25.3.1 Preparation of PCL Fibers and Chronopotentiometric Curve of CaOx
25.3.2 SEM, EDX, and XRD Characterization of CaOx Obtained by EC Method
In vitro electrocrystallization on controlled surface-modified ITO with PCL fiber meshes as classical crystallization of CaOx was performed. Thus, EC of CaOx on ITO working electrode with random and aligned electrospun PCL fibers was used as solid template to evaluate the topology effect onto ITO electrode on the morphology, distribution, and polymorphism of the CaOx crystals. Random and aligned PCL fibers were obtained by using flat and rotary collectors through electrospinning technique, respectively. In summary, CaOx crystals were effectively electrodeposited, and a clear difference in the distribution, morphology, and crystal growth of CaOx crystals was observed. We suggest that the active surface topology of PCL fiber meshes can act as good nucleation point and in particular on the aligned surface of each PCL fibers inducing a favorable site for the in vitro crystallization of CaOx. In addition, polymorphism of CaOx can be selectively controlled onto surface-modified ITO, although the absence of chemical functionality on PCL fiber as template. Here, we observed a coexistence in the polymorphism of calcium oxalate; however, the COD crystals were the predominant particles on the surface of the ITO substrates.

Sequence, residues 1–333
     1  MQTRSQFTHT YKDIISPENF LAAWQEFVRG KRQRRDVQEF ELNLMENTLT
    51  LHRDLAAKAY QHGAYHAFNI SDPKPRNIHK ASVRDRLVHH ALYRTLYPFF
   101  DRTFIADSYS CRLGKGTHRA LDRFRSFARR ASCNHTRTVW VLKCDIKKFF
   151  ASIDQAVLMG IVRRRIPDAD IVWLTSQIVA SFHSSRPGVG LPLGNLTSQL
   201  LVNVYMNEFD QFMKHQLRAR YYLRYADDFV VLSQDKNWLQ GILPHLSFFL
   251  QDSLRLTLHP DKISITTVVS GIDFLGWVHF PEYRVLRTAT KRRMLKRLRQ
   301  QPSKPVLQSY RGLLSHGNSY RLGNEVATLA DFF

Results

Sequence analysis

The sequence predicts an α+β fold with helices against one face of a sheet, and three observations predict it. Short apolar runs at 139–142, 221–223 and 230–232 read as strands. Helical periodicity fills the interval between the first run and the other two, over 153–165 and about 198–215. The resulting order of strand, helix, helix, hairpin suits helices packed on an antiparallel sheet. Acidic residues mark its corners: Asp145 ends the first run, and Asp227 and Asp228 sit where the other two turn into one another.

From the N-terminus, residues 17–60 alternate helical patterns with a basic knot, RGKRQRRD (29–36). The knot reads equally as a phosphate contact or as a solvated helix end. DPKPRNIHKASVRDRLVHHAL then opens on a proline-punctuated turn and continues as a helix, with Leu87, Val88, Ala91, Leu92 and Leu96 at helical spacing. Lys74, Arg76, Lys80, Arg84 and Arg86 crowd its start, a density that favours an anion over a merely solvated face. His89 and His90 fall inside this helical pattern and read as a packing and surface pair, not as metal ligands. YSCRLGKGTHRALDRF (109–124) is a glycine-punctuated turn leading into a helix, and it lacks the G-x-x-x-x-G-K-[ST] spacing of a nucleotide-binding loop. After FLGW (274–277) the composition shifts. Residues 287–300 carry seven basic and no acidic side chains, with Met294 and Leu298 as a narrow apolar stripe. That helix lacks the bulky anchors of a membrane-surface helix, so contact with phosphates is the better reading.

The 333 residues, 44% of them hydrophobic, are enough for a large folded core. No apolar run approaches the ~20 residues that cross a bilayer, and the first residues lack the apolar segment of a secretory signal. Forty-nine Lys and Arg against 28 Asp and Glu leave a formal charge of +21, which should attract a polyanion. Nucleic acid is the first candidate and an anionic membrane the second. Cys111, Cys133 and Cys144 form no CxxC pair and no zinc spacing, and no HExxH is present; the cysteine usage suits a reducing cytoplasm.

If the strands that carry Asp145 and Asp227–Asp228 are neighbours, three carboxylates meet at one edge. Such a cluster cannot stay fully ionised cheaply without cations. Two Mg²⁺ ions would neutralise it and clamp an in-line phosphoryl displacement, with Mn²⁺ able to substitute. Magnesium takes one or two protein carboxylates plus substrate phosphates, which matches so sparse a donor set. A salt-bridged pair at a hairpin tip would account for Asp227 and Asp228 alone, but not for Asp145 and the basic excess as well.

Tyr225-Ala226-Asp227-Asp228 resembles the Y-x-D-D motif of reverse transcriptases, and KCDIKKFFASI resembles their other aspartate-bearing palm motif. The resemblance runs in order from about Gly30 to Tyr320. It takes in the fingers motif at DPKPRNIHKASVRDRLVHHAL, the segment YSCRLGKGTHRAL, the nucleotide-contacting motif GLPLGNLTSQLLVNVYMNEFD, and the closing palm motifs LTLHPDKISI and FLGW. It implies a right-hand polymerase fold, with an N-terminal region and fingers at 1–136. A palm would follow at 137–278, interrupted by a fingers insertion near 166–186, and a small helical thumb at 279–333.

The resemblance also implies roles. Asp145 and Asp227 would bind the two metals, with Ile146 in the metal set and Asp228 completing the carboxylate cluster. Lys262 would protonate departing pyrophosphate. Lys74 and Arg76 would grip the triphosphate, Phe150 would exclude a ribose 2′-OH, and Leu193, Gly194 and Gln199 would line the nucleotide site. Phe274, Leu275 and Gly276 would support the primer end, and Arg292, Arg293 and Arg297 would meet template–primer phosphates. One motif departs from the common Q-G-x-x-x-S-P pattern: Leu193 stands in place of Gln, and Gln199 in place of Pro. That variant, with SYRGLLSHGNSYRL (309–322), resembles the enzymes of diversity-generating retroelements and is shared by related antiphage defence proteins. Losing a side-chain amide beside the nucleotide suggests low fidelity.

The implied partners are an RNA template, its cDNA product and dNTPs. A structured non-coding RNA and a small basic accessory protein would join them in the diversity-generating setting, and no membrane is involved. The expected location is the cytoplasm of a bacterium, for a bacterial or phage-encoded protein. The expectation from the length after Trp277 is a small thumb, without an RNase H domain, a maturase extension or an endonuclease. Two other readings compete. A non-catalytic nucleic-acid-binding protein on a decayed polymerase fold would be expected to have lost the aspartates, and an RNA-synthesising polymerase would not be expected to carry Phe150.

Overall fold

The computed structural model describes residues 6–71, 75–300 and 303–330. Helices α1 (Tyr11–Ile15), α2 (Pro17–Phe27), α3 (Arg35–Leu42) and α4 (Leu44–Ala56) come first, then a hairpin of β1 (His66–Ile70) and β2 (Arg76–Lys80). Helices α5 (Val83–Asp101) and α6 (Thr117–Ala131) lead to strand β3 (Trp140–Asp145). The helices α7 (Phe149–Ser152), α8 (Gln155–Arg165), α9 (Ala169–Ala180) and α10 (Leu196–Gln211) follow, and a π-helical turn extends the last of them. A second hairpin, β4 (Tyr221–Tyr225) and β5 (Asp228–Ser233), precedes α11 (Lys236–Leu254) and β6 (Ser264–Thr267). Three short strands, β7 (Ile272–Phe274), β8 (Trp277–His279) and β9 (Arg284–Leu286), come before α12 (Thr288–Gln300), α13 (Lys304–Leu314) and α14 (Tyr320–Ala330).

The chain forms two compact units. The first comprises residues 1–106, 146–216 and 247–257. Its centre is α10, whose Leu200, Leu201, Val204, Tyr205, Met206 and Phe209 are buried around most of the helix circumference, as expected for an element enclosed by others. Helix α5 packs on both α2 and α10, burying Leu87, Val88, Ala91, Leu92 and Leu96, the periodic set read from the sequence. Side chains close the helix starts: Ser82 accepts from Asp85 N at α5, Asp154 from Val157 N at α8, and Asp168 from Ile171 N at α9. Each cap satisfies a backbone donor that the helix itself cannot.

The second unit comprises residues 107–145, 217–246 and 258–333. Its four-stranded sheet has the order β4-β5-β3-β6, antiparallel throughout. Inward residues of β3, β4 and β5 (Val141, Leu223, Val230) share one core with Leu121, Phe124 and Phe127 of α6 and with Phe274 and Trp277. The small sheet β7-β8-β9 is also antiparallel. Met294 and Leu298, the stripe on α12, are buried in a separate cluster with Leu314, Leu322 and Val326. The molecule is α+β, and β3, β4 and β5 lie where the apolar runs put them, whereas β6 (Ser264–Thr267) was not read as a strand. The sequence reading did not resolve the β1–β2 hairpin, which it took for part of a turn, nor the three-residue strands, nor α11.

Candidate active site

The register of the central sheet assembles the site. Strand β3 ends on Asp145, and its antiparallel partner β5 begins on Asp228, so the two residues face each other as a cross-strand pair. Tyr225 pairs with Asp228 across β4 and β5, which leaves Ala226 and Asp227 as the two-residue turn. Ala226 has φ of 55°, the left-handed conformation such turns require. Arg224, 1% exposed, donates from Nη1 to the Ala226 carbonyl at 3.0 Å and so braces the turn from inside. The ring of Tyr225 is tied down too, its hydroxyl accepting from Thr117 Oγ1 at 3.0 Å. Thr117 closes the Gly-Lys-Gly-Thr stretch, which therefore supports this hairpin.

The authors are grateful to Project Fondecyt 1171520 and 1140660, Program U-Redes, Vice-Presidency of Research and Development, University of Chile.